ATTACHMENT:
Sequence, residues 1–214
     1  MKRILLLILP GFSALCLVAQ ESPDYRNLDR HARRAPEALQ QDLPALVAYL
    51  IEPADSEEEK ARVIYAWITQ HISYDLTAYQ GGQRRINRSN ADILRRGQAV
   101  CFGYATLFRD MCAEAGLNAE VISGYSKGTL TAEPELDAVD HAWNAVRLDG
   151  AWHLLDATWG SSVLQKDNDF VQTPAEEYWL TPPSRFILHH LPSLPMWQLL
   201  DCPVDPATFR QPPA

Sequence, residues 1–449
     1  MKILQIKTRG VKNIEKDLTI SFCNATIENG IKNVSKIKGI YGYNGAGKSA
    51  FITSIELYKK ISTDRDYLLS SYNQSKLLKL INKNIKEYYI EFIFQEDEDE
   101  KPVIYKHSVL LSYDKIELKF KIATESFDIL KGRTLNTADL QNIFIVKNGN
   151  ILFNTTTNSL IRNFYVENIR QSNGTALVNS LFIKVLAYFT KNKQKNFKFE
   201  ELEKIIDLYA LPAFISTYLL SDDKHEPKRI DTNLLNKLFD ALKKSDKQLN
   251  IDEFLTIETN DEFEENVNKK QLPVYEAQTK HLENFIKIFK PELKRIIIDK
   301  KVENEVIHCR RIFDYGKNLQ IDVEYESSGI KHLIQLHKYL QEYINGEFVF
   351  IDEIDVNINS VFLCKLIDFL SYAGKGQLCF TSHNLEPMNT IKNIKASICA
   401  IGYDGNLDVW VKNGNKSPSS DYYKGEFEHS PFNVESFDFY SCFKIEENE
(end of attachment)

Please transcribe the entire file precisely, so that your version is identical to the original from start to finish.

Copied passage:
Sequence, residues 1–214
     1  MKRILLLILP GFSALCLVAQ ESPDYRNLDR HARRAPEALQ QDLPALVAYL
    51  IEPADSEEEK ARVIYAWITQ HISYDLTAYQ GGQRRINRSN ADILRRGQAV
   101  CFGYATLFRD MCAEAGLNAE VISGYSKGTL TAEPELDAVD HAWNAVRLDG
   151  AWHLLDATWG SSVLQKDNDF VQTPAEEYWL TPPSRFILHH LPSLPMWQLL
   201  DCPVDPATFR QPPA

Sequence, residues 1–449
     1  MKILQIKTRG VKNIEKDLTI SFCNATIENG IKNVSKIKGI YGYNGAGKSA
    51  FITSIELYKK ISTDRDYLLS SYNQSKLLKL INKNIKEYYI EFIFQEDEDE
   101  KPVIYKHSVL LSYDKIELKF KIATESFDIL KGRTLNTADL QNIFIVKNGN
   151  ILFNTTTNSL IRNFYVENIR QSNGTALVNS LFIKVLAYFT KNKQKNFKFE
   201  ELEKIIDLYA LPAFISTYLL SDDKHEPKRI DTNLLNKLFD ALKKSDKQLN
   251  IDEFLTIETN DEFEENVNKK QLPVYEAQTK HLENFIKIFK PELKRIIIDK
   301  KVENEVIHCR RIFDYGKNLQ IDVEYESSGI KHLIQLHKYL QEYINGEFVF
   351  IDEIDVNINS VFLCKLIDFL SYAGKGQLCF TSHNLEPMNT IKNIKASICA
   401  IGYDGNLDVW VKNGNKSPSS DYYKGEFEHS PFNVESFDFY SCFKIEENE